Most countries hold their reserves in dollars, which is a safe – haven of sorts, and that is why the dollar is known as the – reserve currency – of the world.
To counter deflation’s bad effects, and to stimulate the economy – the US plans to spend billions of dollars over the next few years.
Since, the US runs a large deficit, it can finance this stimulus in only two ways:
1. Issuing Debt
2. Printing Money
As the global recession tightens its grips on countries across the world, the appetite for US debt is getting smaller. The yields on US government debt are already at all time lows, and then there is the small matter of – the stimulus that other countries need.
Countries like China, India, Japan, Russia etc. also need to stimulate their domestic economies. They plan to do this by using their dollar reserves, and buying more debt at this time is hardly feasible.
The other option for US to finance this debt is by printing money. Many countries ranging from Germany to Argentina to Zimbabwe have already done this throughout the history of the world. While, you may not see a 100 billion dollar US banknote, inflation is the natural consequence of printing money or quantitative easing and is unavoidable in the current circumstances.
Domestic Inflation effectively reduces the ability of American consumers to buy Chinese goods, Russian oil and Indian software, among other things. As prices rise, people can afford lesser goods and services.
More importantly, domestic inflation reduces the ability of the Chinese, Indian and Russian exporters to sell their stuff to US, and keep their own domestic economy going.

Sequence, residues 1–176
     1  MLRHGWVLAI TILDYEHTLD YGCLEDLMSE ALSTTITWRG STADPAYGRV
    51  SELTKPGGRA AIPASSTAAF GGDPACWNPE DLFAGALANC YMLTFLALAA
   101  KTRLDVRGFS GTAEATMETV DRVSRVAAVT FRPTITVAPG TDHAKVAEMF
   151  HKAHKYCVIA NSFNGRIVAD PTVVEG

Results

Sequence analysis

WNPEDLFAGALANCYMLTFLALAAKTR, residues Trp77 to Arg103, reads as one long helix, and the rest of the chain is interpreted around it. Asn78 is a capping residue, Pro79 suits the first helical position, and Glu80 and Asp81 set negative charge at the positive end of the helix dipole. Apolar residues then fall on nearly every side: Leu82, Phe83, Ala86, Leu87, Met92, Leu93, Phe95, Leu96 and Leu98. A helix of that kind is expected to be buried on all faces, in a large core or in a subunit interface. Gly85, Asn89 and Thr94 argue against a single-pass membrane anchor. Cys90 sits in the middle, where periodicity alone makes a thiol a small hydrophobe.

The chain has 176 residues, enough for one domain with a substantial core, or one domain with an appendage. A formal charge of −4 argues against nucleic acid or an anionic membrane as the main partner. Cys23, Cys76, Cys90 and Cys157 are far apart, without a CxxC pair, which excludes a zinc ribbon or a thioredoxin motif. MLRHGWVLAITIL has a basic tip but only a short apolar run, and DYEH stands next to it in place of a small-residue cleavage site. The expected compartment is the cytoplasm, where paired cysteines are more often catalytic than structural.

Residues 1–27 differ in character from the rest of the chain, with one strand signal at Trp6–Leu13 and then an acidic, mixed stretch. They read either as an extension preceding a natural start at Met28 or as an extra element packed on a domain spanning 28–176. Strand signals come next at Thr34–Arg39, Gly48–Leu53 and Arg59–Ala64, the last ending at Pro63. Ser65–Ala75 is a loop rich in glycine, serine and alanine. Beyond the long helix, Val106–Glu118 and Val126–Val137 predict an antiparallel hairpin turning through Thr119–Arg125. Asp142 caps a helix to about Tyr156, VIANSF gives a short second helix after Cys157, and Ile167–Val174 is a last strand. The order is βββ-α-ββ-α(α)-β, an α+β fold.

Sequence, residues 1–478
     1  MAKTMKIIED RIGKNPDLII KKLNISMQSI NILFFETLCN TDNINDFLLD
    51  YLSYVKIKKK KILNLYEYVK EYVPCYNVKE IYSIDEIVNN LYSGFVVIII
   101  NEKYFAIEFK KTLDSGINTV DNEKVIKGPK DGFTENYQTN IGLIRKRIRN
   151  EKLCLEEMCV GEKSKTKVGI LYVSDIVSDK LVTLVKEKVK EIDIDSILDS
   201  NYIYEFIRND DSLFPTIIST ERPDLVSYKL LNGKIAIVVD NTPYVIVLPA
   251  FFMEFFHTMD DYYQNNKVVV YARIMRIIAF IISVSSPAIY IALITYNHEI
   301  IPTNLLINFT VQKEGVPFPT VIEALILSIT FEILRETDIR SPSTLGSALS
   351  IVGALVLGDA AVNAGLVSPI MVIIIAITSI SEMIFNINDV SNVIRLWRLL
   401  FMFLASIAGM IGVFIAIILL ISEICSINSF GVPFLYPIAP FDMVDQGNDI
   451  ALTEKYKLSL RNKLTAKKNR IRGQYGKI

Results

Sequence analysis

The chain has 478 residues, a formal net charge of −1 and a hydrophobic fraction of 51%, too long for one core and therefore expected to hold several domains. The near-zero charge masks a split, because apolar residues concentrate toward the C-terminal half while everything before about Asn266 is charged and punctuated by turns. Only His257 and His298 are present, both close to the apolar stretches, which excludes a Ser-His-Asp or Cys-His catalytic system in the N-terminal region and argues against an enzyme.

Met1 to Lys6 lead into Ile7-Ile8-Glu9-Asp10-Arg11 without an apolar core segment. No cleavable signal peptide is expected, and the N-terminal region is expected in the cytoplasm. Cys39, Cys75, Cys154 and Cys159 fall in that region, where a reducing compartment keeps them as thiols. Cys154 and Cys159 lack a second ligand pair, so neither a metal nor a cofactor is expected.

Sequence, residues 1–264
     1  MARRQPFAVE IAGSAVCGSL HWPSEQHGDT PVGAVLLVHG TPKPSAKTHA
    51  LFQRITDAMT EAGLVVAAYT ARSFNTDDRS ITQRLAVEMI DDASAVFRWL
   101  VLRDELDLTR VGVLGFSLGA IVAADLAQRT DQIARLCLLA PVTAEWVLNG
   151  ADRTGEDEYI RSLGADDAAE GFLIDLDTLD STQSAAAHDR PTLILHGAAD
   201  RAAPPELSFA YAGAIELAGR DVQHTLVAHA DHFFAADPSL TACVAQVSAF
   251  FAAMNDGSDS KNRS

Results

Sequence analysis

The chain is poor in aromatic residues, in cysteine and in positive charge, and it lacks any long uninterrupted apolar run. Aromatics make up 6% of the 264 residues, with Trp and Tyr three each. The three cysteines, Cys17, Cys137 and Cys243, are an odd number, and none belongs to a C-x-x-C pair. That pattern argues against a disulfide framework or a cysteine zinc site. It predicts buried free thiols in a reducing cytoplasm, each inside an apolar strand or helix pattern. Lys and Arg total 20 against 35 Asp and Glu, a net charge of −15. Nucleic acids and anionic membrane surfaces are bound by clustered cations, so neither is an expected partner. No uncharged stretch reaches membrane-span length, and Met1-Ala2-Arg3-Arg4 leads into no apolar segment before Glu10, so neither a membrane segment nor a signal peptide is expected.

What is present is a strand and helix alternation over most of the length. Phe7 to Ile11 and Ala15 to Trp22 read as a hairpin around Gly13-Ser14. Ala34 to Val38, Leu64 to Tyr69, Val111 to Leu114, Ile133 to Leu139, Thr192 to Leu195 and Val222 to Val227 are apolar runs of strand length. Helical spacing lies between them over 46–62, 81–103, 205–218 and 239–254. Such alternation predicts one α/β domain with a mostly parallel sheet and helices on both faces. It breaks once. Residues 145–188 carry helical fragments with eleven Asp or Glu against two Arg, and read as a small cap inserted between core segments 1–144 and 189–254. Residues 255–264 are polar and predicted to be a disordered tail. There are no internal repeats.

Inflate or Die
Faced with the increased supply of dollars in the market, other countries have two options:
1. Let the values of their own currencies rise, relative to the dollar.
2. Print more domestic currency to match the depreciating dollar.
If the central bankers allow their domestic currencies to rise, then many exporters will lose their competitive edge, and ultimately shut shop.
What if they let the dollar fall?
Developed countries like Canada who are also major exporters to the US can in fact, let the dollar fall, and allow their domestic currencies to rise. This will contain inflation, although it will impact exports, and slow the growth of their economy. Since, Canada is already a developed and rich country – it can allow that.
Countries in the developing world can’t allow a hit on their growth – because that will have severe social and political consequences.
So, there you have it, inflation export – from one country to another – due to the tightly integrated financial markets, and the reserve currency of these markets – dollar.